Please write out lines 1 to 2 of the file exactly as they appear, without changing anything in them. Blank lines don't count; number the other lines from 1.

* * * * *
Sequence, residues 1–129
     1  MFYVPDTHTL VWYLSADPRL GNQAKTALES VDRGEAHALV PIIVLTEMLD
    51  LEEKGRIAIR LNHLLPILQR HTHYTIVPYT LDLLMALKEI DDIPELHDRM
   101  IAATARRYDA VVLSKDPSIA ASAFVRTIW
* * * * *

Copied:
Sequence, residues 1–129
     1  MFYVPDTHTL VWYLSADPRL GNQAKTALES VDRGEAHALV PIIVLTEMLD